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  HIV and Hepatitis.com Coverage of the
 44th Annual Meeting of the European Association for
 the Study of the Liver (EASL 2009)
  April 22 - 26, 2009, Copenhagen, Denmark
 The material posted on HIV and Hepatitis.com about EASL 2009 is not approved by nor is it a part of EASL 2009.

Extended 72-week Treatment with Pegylated Interferon plus Ribavirin Did Not Improve Outcomes among Slow Responder Hepatitis C Patients

By Liz Highleyman

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About half of chronic hepatitis C patients treated with pegylated interferon plus ribavirin do not achieve a cure, or sustained virological response (SVR). In an attempt to improve outcomes, researchers have explored longer treatment duration for selected patients at risk for suboptimal response. But extending therapy to 72 weeks did not increase the response rate for slow responders, according to a study presented at the 44th Annual Meeting of the European Association for the Study of the Liver (EASL 2009) last month in Copenhagen.

The usual course of pegylated interferon (PegIntron or Pegasys) plus ribavirin is 48 weeks for people with hepatitis C virus (HCV) genotypes 1 or 4 and 24 weeks for those with easier-to-treat genotypes 2 or 3 (though many experts recommend 48 for HIV positive people regardless of genotype).

In the SUCCESS trial (Study to Assess Treatment With PegIntron And Rebetol in Naive Patients with Genotype 1 Chronic Hepatitis C and Slow Virological Response) -- sponsored by PegIntron manufacturer Schering-Plough -- an international research team evaluated the effect of extending treatment duration to 72 weeks for genotype 1 patients defined as slow responders.

More than 1400 participants enrolled in this prospective study were treated with 1.5 mcg/kg/week pegylated interferon alfa-2b (PegIntron) plus 800-1400 mg/day weight-adjusted ribavirin. More than half (61%) were men, the mean age was about 43 years, and more than 95% were white. At baseline, about 80% had HCV RNA > 800,000 IU/mL.

Slow response was defined as achieving at least a 2 log drop but still having detectable HCV RNA at week 12 of treatment, but undetectable HCV RNA at week 24. At week 36, slow responders were randomly assigned to continue treatment until they reached a total of either 48 weeks (n = 86) or 72 weeks (n = 73). Complete early virological responders with undetectable HCV RNA at week 12 received treatment for 48 weeks (n = 816). People with less than a 2 log drop in HCV RNA at week 12 stopped therapy, since this is a strong predictor of failure to achieve sustained response.

Results

816 patients (57%) achieved undetectable HCV RNA at week 12 of treatment.

At week 24, 159 patients (11%) were identified as slow responders.

Slow responders had similar response rates whether treated for 48 or 72 weeks, which were significantly lower than the rate for complete early virological responders.

In an intent-to-treat analysis, SVR rates were as follows:

43.0% for slow responders treated for 48 weeks;

47.9% for slow responders treated for 72 weeks;

79.5% for complete early responders treated for 48 weeks.

Relapse rates for the slow responders were 47.1% in the 48-week group and 32.7% in the 72-week group.

Among slow responders who achieved good adherence -- at least 80% of prescribed pegylated interferon and ribavirin doses for at least 80% of the planned treatment duration -- SVR rates were 44.3% in the 48-week group and 57.1% in the 72-week group.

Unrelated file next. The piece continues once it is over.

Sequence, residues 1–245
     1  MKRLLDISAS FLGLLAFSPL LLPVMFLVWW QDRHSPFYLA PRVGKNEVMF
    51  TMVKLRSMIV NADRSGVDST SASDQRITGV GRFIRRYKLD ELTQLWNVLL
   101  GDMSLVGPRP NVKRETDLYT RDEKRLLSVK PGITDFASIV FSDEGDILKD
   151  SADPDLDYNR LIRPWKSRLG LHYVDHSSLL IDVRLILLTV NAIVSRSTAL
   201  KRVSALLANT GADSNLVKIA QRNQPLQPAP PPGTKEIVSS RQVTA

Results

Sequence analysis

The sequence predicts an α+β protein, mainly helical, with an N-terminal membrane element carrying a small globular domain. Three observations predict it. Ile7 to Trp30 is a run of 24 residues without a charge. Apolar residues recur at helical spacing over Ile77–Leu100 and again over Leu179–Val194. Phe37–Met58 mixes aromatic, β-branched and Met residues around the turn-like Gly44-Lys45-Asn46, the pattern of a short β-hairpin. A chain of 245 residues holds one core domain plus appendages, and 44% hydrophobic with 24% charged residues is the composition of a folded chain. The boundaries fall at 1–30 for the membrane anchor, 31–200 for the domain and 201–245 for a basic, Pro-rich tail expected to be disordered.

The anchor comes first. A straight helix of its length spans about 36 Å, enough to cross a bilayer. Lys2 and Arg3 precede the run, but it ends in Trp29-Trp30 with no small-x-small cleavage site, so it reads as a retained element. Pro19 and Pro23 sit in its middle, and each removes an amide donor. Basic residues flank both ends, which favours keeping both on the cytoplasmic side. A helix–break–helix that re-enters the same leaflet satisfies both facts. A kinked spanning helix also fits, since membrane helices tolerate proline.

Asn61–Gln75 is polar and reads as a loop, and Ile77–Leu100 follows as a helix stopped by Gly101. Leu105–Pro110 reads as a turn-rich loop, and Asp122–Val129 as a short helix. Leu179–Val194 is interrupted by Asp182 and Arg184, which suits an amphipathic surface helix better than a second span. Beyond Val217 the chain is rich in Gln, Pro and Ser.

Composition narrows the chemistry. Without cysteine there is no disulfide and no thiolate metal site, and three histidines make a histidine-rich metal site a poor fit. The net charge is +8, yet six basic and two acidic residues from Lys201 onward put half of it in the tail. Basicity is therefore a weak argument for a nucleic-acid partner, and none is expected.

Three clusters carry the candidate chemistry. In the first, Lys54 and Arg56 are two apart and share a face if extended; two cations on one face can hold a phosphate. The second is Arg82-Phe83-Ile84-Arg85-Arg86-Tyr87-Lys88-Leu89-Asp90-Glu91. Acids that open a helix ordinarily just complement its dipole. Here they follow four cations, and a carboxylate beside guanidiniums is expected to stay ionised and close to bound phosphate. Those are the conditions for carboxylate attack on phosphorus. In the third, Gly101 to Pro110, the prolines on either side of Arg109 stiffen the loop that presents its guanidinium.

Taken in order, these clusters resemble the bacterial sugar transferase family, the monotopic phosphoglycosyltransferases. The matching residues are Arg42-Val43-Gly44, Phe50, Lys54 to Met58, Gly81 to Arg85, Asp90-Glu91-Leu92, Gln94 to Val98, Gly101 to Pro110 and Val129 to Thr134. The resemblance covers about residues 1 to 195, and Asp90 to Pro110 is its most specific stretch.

Despite different treatment durations, the frequency of adverse events -- including anemia and depression -- were similar in both slow responder groups.

7.0% of participants in the 48-week arm and 8.2% in the 72-week arm experienced serious adverse events.

The rate of premature treatment discontinuation, however, was higher in the 72-week group than in the 48-week group (23.3% vs 9.3%).

"This, the largest prospective study among genotype 1 slow responders, demonstrated no statistically significant difference between 48 and 72 weeks of treatment," the investigators concluded.

However, they continued, "in these true slow responders, extending [pegylated interferon alfa-2b plus weight-adjusted ribavirin] treatment is associated with better SVR and a similar incidence of adverse events."
"These results are in line with those observed in other [weight-adjusted dose] ribavirin trials in slow responders" they added.

The failure to increase response rates by extending the duration of interferon-based therapy underscores the need for new therapies that work by different mechanisms, such as the various directly targeted "STAT-C" agents -- mostly HCV protease and polymerase inhibitors -- now in development.

Vall d'Hebron Hospital General, Barcelona, Spain; Sourasky Medical Center, Tel Aviv, Israel; Municipal Center of Prophylactic AIDS and Other Infections, St. Petersburg Municipal Center, St. Petersburg, Russia; Clinical Infection Hospital, Moscow, Russia; Hospital of Infectious Diseases, Warsaw, Poland; Medizinische Klinik I, Klinikum der J. W. Goethe Universität Frankfur, Frankfurt, Germany; Vilnius University Hospital of Tuberculosis and Infection Diseases, Vilnius, Lithuania; Schering-Plough Corporation, Kenilworth, NJ.

5/08/09

Reference
M Buti, Y Lurie, NG Zakharova, and others. Extended treatment duration in chronic hepatitis C genotype 1-infected slow responders: final results of the SUCCESS study. 44th Annual Meeting of the European Association for the Study of the Liver (EASL 2009). Copenhagen, Denmark. April 22-26, 2009.

Other Source
Schering-Plough. Schering-Plough Highlights Hepatitis C Clinical Data Presentations at the European Association for the Study of the Liver (EASL) Annual Meeting. Press release. April 27, 2009.

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